Monday, January 2, 2012

Window on Eurasia: Russia Will Not Survive if Putin Returns to Power, Kazan Analyst Warns

Paul Goble

            Staunton, January 2 – The Russian Federation will not survive if Vladimir Putin is able to return to the presidency through falsified elections, and Russia’s Muslims -- and especially the leaders of the country’s Muslim republics -- have a moral responsibility to struggle with the evil he and his system represent, according to a leading Kazan analyst.

            In the current issue of the Tatarstan weekly, “Zvezda Povolzhya,” Zulfiya Kadir argues that if Russia has Putin as its president again, then the country has “no future” because it will fall ever further behind the continuations of a modern interconnected world and find itself  “degraded” into a “Stalinist” past.

            Demonstrations by Russia’s population in December against Putin and his system, Kadir writes, were “an SOS” to the international community which “for a long time already has had enough with Munich speeches [like the ones Putin has delivered and which that community believe show that Soviet leader Nikita] Khrushchev who banged his show at the UN was a more adequate” man.

            Moreover, she continues, these world leaders are furious at Putin for his use of gas and oil as political weapons, for his attempts at “the restoration of the socialist camp,” and for his “small victorious wars in Georgia’s regions.”  These leaders “do not behave that way in the era of globalization,” and they do not accept Putin’s doing so either.

            “If [citizens of the Russian Federation] do not want that [their country] again to be declared ‘the evil empire,’ and if [they] don’t want a new wave of knights who ‘will struggle with this evil’ and declare a crusade against this bastion of totalitarianism,” Kadir argues, then they “must not allow Putin to come to power again.”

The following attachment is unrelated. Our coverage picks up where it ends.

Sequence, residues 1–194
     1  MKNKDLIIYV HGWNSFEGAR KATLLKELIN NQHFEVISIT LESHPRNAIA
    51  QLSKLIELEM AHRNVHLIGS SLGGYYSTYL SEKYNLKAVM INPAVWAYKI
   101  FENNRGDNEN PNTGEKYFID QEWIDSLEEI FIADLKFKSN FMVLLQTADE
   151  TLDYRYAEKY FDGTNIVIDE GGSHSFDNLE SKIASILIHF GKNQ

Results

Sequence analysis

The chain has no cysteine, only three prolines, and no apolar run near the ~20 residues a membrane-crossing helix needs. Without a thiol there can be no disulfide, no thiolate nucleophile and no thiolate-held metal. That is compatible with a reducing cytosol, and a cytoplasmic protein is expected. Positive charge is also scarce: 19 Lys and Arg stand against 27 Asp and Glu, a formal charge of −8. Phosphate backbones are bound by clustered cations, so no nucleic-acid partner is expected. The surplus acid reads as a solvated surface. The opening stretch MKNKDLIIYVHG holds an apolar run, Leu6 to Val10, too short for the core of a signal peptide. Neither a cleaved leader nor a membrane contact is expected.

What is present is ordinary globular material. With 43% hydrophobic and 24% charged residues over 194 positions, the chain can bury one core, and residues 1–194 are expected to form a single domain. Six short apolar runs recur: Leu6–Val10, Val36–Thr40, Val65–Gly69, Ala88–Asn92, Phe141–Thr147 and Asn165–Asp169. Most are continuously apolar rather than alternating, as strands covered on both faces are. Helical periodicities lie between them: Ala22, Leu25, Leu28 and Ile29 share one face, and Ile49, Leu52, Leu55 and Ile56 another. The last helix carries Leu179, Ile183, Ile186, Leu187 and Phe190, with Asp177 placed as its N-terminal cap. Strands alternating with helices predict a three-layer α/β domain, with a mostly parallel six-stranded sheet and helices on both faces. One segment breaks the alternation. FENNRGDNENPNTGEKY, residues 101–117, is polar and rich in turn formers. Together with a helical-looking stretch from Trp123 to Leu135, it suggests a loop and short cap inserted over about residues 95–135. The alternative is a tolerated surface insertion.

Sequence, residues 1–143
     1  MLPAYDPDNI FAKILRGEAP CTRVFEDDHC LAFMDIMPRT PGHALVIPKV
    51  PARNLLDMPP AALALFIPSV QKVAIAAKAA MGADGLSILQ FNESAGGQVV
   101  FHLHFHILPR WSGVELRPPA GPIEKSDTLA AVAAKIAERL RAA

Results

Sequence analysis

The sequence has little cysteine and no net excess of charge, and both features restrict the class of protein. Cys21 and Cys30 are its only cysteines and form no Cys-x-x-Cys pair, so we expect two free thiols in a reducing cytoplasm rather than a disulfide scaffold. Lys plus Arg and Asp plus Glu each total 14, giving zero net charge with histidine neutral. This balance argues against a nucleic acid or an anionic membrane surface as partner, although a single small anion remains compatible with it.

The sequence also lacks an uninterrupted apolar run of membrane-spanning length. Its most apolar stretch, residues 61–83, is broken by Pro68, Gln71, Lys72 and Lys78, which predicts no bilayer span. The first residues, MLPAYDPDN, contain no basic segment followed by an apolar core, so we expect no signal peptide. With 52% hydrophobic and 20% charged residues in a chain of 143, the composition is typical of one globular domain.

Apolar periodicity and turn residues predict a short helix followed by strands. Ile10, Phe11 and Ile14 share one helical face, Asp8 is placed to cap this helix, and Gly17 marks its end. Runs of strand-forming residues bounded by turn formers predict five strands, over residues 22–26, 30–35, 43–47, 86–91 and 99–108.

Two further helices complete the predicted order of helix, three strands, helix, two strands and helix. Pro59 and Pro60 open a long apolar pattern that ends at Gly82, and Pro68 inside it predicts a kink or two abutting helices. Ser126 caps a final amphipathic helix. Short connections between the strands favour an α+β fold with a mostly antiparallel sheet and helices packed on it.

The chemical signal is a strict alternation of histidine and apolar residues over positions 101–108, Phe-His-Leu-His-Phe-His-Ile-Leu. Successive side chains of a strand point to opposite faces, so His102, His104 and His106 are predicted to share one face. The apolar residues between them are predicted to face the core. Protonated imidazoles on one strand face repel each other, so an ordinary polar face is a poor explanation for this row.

In her essay, the Kazan political scientist casts her argument in moral terms.  She says that “the struggle with evil must be the main slogan of the next elections,” especially among Muslim citizens and the leaders of Muslim republics who portray themselves as fervent believers and supporters of the faith.

            This obligation lies especially on the people and leadership of Tatarstan, she continues.  In the last presidential poll, the Kazan leadership forced the Tatars to give 77.8 percent of their votes to Putin’s system, an outcome showed the Tatars were “a peasantry without freedom who lacked the freedom of choice.”

            That vote, of course, was “a shame for Tatarstan,” Kadir suggests.  In order to overcome this mistake, the Tatars need to deliver “99 percent” of their vote “AGAINST” Putin and what he represents, even though they can be sure that their votes will be “falsified” by officials who are only interested in keeping their jobs.

            But Kadir says that the burden for overcoming the deference of the past lies even more heavily on the leaders of the Muslim republics.  Noting that the Ingush have appealed the results of the latest parliamentary election to a shariat court, she warns that Muslim leaders abroad may issue a fetwa against Muslim republic leaders who seek to block the will of the people.

            If such a Muslim legal ruling is issued, Kadir points out, they will find themselves “on the list of the damned.” Their prayers will be “blocked,” their names won’t be recalled in common prayers, they will be prohibited from travelling to Mecca, and they will be designated as munafiq,” that is as “hypocrites.”

            These are only “the softest measures” that might be visited on Muslim republic leaders, she warns.  Consequently, the leaders of Tatarstan and other Muslim republics are going to be forced to make “a choice,” are they Muslims as they like to pretend or are they in fact “United Russia cosmopolitans.” 

            The Kazan political scientist says she not want to believe that the Tatar people or the Tatar leaders will make the wrong choice in the upcoming elections, a choice that would involve approving “evil.”  That is because the Tatars were “one of the first peoples to declare their freedom and independence in the 1990s” and will not tolerate “a return to totalitarianism.”

            Kadir’s article is significant for three reasons.  First, it underscores the increasing tendency of opponents of Putin to cast their struggle in moral rather than simply political terms. Second, it suggests the increasingly precarious positions Muslim republic leaders find themselves in.

            And third, it highlights a reality that Putin and his supporters have sought to deny: His return to the Kremlin would not maintain stability as he and they claim but rather would almost certainly spark a new wave of nationalism across the country and possibly reignite drives for republic sovereignty or even independence.

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